Your Long-Term Travel Checklist: How To Plan A Long Trip RTW

Whether you’re actually planning a long journey or are simply interested (you never know, right?) this long-term travel checklist will walk you through every step you’ll need to take.

I love lists and I find this helps take the ‘overwhelm’ out of the planning process, especially if it’s a complicated one.

But when should you start planning? What should you do, when? What if you forget something?

This overseas travel checklist shows you exactly what you should do at which stage of your preparations. It’s based on my own experience of 50 years of solo travel, so I hope I’ve got some things right.

Travel List


  • Decide what kind of a trip you’ll be taking: are you interested in ethical travelPilgrimage routesCooking schools in EuropeUnusual travel? Are you traveling to trace your family roots? Or do you simply ‘suffer’ from plain wanderlust
  • Start thinking about where you’ll go and check out potential travel destinations – unless you know exactly where you’re going, this is a good time to start making lists; you can always change your mind later
  • Check out your employment options: if you have a job, can you get a leave of absence or will you have to quit?
  • Begin budgeting for your trip and calculating how much you’ll need
  • Decide whether you’ll be keeping your living quarters if you’re renting, or what you’ll do with your home if you own it, for example, will someone house sit for you?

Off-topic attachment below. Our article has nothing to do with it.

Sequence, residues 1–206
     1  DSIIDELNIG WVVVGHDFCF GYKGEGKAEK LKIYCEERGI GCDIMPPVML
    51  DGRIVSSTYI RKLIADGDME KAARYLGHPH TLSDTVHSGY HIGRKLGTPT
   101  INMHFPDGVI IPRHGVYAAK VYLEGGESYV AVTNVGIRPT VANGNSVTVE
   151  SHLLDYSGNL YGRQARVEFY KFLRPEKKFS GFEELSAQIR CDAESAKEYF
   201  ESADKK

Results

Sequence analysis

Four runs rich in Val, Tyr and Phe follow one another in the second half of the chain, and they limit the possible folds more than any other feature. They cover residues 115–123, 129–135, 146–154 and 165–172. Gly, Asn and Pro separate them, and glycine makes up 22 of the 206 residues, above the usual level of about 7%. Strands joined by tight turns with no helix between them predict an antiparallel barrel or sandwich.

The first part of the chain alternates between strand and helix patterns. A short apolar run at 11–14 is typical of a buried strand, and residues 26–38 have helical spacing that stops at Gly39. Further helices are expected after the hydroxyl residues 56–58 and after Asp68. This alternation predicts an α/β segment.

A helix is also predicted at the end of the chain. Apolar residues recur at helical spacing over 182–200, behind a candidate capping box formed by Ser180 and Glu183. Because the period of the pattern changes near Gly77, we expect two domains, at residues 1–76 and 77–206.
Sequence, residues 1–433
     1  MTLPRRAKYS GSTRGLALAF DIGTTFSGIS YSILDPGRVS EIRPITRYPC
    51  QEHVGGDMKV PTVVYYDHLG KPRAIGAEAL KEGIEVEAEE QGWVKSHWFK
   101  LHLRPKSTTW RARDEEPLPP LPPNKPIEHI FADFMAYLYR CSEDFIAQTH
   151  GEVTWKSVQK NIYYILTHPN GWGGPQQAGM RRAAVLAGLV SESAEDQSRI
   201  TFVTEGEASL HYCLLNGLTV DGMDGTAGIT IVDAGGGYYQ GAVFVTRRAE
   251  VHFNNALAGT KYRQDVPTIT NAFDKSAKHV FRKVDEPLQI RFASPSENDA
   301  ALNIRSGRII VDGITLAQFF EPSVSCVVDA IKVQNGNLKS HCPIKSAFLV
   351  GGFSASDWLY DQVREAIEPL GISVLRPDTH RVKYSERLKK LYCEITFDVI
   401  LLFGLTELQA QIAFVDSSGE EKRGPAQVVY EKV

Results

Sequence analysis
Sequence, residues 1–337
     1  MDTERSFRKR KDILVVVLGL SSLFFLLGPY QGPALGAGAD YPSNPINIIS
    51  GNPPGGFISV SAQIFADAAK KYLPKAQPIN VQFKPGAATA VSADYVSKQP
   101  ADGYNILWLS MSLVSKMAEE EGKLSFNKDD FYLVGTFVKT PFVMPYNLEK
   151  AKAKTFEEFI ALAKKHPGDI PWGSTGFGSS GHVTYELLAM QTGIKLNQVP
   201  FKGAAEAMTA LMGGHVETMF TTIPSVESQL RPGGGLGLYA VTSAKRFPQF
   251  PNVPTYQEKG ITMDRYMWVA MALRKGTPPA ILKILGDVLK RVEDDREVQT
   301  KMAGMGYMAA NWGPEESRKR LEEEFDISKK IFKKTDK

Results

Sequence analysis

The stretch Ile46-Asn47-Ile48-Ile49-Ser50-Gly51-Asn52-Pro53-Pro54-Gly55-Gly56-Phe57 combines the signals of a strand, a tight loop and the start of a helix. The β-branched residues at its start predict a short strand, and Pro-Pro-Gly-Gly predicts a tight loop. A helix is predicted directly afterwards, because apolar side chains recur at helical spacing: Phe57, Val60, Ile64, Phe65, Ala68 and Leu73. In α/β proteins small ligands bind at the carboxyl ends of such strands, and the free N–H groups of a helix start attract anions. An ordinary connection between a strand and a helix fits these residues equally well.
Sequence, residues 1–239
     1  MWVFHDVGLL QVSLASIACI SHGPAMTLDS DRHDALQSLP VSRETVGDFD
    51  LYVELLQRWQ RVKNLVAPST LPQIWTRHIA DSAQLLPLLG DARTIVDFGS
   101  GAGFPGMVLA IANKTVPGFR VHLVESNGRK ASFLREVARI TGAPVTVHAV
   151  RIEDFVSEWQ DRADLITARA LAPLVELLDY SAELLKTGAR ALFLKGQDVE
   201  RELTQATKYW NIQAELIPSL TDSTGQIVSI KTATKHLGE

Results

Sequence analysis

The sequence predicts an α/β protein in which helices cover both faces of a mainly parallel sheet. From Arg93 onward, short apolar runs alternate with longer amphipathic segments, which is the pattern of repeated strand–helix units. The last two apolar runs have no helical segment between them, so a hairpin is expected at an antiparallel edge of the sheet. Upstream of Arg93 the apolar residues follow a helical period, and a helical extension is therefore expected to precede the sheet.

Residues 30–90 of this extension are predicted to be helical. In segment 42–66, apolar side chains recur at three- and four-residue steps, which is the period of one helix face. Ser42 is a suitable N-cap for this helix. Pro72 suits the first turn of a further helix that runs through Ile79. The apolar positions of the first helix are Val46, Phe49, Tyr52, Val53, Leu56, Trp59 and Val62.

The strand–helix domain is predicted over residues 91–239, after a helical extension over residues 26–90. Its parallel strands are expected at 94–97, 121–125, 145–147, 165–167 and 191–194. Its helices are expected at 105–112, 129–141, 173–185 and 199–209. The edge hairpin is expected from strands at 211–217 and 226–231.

• Begin to tell people around you you’re leaving for a while
  • If you’re planning on traveling within a single region, start thinking about learning the language – at least a few phrases
  • Decide whether you’ll be traveling solo or with friends for part of the way
  • Start picturing the trip in your mind: why you’re going, what you expect from the trip



  • Finalize your rough itinerary
  • Look at climate issues and plan the best time to visit each place
  • Order your RTW ticket and start booking any volunteer activities
  • Apply for discount cards – student card, senior card – all these will get you discounts as you travel
  • If you plan to drive while you’re overseas, find out if you need an international driver’s licence
  • Hand in your notice to your landlord if you rent (in some places, you can wait till the last month or two but make sure you don’t miss the deadline)
  • Go to the dentist
  • Start researching what you’re taking with you: the best backpacks for long term travel, the best walking shoes, the best travel pants and so on.


  • Start gathering everyone’s contacts and determine the best ways of keeping in touch while you’re away
  • Decide what you plan to put into storage and find an appropriate place (storage box or company or someone else’s home)
  • Start selling things you don’t need or want on Craigslist or eBay or hold a garage or boot sale (it’ll help build up your travel fund)
  • Look into overseas money matters, like transfers, credit cards, ATM fees
  • What electronic gear will you take? Phone? Laptop?
  • Deepen your research, for example by reading and asking questions on travel forums – this is the most immediate news
  • Start doing the required online research for more detailed background for your trip
  • Make sure you’re in good health and ready to go
  • Start ordering your travel gear
  • Buy your backpack or suitcase